When the names 1. al-Khāliq (The Creator), 2. al-Bāri’ (The Maker), and 3. al-Musawwir (The Fashioner) are contrasted, each name has a unique emphasis. For example, when a house is built, it requires 1. planning, 2. building, and 3. designing. An analogy for the difference between these three names is that of 1. an architect, 2. a builder, and 3. a decorator. (The Ninety-Nine Beautiful Names of God, al-Ghazali, p. 68)
ِAl-Khāliq (The Creator) refers to the intent to create, al-Bāri’ (The Maker) refers to manifesting the power of creation and making a body, and al-Musawwir (The Fashioner) refers to forming the attributes of the body. (Friday Sermon, 14 February 2003)
When only the names al-Khāliq (The Creator) and al-Musawwir (The Fashioner) are contrasted, they are interrelated like body and soul. Al-Khāliq (The Creator) refers to creating a thing and giving it a general physical form, and al-Musawwir (The Fashioner) refers to detailed formation and giving a child moral and spiritual faculties. (The Holy Quran with English Translation and Commentary, Surah Al-e-‘Imran, 3:7, p. 452)
Use in prayer
When we pray, the name al-Musawwir (The Fashioner) brings to mind the creative power of Allah Almighty in the last stages of creation. If someone is expecting a child, they say Yā Musawwir (O Fashioner!) and pray that Allah Almighty gives them a child with beautiful physical features and spiritual capacities.
99. Yā Muhyī – O Giver of Life! – يا محيى
100. Yā Mumīt – O Causer of Death! – يا مميت
The root of muhyī means life, and the root of mumīt means death.
Al-Muhyī (The Giver of Life) and al-Mumīt (The Causer of Death) are opposites.
This name is also mentioned under al-Bā‘ith (The Raiser of The Dead), al-Qābid (The Withholder), al-Bāsit (The Expander), and al-Hayy (The Living).
Use in prayer
Allah Almighty has created a system where life and death are inseparably interrelated. When a person dies, his body becomes a source of life for plants. Those plants are eaten, and their deaths are a source of life for the animals that need to consume them. We eat those animals, and their deaths are a source of life for us. Every life brings news of death, and every death brings news of life. (Tafsir-e-Kabir, vol. 6, p. 86)
The name al-Muhyī (The Giver of Life) is not positive in and of itself, and the name al-Mumīt (The Causer of Death) is not negative in and of itself. When we pray, we should pray for the blessings in these two names.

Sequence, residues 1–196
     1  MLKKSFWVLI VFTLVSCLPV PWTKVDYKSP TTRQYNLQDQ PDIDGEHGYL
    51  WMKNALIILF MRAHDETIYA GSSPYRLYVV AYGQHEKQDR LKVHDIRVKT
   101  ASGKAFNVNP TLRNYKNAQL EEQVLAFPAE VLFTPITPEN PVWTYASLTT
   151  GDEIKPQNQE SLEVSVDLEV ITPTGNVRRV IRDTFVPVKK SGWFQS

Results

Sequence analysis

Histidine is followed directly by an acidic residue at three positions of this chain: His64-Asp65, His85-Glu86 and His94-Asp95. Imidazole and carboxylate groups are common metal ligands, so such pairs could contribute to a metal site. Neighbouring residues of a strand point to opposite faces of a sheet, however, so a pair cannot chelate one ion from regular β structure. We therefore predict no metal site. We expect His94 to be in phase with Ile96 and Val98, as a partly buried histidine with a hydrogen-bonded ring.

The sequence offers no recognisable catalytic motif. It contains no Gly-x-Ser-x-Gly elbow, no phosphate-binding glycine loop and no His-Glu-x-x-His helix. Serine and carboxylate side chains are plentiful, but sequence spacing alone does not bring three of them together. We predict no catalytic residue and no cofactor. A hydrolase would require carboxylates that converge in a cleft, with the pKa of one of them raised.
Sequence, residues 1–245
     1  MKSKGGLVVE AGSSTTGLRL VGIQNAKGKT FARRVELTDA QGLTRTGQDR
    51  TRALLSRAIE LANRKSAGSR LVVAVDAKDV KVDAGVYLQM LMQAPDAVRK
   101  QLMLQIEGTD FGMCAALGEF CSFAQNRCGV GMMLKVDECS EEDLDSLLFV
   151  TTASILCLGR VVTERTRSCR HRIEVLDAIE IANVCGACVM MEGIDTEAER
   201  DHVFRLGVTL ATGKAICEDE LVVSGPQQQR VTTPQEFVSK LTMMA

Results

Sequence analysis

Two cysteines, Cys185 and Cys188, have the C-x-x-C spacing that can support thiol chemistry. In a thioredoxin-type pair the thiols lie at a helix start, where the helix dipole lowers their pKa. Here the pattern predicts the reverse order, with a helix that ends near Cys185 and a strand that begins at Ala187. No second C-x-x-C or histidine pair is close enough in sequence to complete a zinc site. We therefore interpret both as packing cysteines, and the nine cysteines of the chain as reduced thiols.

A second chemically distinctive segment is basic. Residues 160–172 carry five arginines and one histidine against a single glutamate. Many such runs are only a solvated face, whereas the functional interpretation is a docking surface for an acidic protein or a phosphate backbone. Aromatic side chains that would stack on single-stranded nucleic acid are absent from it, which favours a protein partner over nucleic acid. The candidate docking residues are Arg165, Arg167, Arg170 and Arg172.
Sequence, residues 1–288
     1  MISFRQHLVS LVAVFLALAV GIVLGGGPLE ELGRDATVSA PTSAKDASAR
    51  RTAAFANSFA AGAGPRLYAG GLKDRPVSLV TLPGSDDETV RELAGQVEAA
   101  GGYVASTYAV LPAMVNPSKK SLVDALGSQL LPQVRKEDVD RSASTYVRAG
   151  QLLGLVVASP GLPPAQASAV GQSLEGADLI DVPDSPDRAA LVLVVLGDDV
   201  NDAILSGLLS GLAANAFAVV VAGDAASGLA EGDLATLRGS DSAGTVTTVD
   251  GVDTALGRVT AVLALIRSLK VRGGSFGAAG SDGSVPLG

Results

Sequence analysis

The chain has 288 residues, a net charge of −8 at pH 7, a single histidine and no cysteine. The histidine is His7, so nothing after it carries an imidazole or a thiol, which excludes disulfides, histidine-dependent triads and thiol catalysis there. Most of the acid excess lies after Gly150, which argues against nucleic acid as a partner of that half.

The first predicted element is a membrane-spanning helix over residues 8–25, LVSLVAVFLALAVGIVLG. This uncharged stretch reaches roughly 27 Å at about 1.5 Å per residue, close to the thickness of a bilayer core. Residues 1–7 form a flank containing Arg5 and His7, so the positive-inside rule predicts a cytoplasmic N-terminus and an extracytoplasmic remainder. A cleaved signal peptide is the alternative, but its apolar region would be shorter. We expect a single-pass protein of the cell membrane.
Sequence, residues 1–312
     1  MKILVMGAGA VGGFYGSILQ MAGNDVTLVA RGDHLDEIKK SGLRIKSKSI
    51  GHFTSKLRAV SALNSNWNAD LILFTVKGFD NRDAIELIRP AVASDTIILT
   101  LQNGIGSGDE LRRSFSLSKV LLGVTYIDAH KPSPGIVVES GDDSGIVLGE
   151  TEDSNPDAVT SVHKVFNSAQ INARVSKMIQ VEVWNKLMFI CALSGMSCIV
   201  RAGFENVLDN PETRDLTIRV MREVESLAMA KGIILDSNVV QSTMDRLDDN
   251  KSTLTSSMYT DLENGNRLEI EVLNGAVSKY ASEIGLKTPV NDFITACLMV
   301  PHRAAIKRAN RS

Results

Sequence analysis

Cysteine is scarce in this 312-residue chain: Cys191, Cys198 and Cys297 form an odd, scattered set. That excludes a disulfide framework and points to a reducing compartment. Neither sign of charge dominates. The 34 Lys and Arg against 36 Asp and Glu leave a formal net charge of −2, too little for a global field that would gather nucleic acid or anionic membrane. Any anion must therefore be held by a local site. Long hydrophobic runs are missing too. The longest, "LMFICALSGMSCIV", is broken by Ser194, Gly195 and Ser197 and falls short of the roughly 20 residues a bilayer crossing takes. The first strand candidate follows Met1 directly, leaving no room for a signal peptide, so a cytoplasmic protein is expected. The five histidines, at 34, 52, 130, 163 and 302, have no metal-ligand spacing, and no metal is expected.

The Holy Prophetsa said, “Let not one of you wish for death because of a misfortune that befalls him. If he cannot help doing so, he should say: ‘O Allah, keep me alive as long as You know that life is better for me, and make me die when death is better for me.’” (Sahih al-Bukhari, Kitab ad-da‘wat, Bab ad-du‘a’i bi l-mawti wa l-hayah)
When someone we love is ill, we sometimes say, ‘Yā Muhyī (O Giver of Life!),’ and pray they are given life. However, we cannot forget the potential blessings in al-Mumīt (The Causer of Death) in certain circumstances, e.g., in situations where a loved one is suffering from a terminal illness and life would only prolong their suffering. This same principle applies if we say, ‘Yā Mumīt (O Causer of Death!),’ and pray for the death of an enemy, because we don’t know if that enemy will change and be a source of great good.
These two names also develop trust in Allah Almighty. For example, if we see that death is imminent and it seems there is no way to escape destruction, people ordinarily despair. However, a believer never despairs. He remembers that Allah Almighty is Muhyī (Giver of Life) and anything is possible for Him. On the other hand, when everything is going according to plan and we have no other reason to consider our destruction, a believer does not become arrogant. He remembers that Allah Almighty is also Mumīt (Causer of Death), so he never relies on only himself. (Tafsir-e-Kabir, Vol. 6, p. 543)
When we say Yā Muhyī (O Giver of Life!) and Yā Mumīt (O Causer of Death!), we bring to mind how fragile life is, and we pray with a renewed sense of humility and reliance on Allah Almighty.
101. Yā Bā‘ith – O Raiser of The Dead! – يا باعث
When the root of bā‘ith is used for Allah Almighty, it means creating from nothing, bringing the dead to life, or sending a prophet. Al-Bā‘ith means the One who will bring mankind to life after death. (Al-Mufradat, ar-Raghib, Root: بعث; Lane’s Lexicon, Root: بعث Entry: بعث; Lisan al-‘Arab, Ibn Manzur, Root: بعث)
Al-Muhyī (The Giver of Life) and al-Bā‘ith (The Raiser of The Dead) are synonymous in their meaning of giving life, but al-Bā‘ith is used more specifically for life after death.
Use in prayer